Dudley, Sandwell, Walsall and the Wolverhampton Museum Services, along with the Black Country Living Museum, have each submitted historic artefacts that have a special connection to their respective boroughs.
David Eveleigh, curator of BCLM, put forward a cast iron door knocker, manufactured by the Kenricks family in West Bromwich.
"The Kenricks and other iron founders established the Black Country as the foremost centre for the production of cast iron domestic goods in the country," he says.
"At the time, it was the only way that fine, good quality art could be mass-produced and the door knocker really reflects mid-Victorian design."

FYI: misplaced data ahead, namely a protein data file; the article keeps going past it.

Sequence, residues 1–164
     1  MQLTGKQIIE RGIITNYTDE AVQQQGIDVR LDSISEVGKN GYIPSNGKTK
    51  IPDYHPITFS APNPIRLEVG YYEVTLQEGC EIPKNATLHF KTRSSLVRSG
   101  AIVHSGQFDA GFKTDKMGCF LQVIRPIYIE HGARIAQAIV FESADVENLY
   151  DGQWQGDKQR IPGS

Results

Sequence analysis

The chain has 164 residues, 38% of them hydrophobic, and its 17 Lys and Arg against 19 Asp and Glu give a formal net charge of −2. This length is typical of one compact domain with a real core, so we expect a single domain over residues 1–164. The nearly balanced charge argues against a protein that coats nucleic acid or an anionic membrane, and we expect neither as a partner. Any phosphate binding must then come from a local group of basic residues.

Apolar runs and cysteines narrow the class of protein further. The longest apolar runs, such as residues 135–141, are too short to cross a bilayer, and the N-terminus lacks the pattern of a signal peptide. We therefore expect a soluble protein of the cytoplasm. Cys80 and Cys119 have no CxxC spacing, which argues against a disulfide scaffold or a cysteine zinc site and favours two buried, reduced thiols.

The Sandwell Museum Service selected a sword owned by Mr John Ashley Kilvert that was used by him during the Crimean War.
His regiment, the 11th Hussars, was part of the famed 600 who took part in the Charge of the Light Brigade on October 25th 1854 at Balaclava.
"(The sword's) got the local connection," says David Waring, Collections Officer for Sandwell Museum Service.
"It's the history of the Victorian era, of battles we were in; it's got everything. (Kilvert) settled in Wednesbury, he became the Mayor of Wednesbury. It's got all the local connections you could ever wish to tick boxes with."
Other objects include a Ruskin pottery vase from Smethwick, also chosen by Sandwell Museum Service.
"We are the world's biggest public collection (of Ruskin)," says David.
Carl Chinn talks to local author Chris Poole about the Charge of the Light Brigade
"Ruskin has a local connection again from Smethwick. The person who invented the glazes for Ruskin pottery took the secret with him to the grave and according to local stories nobody has ever been able to reproduce the glazes."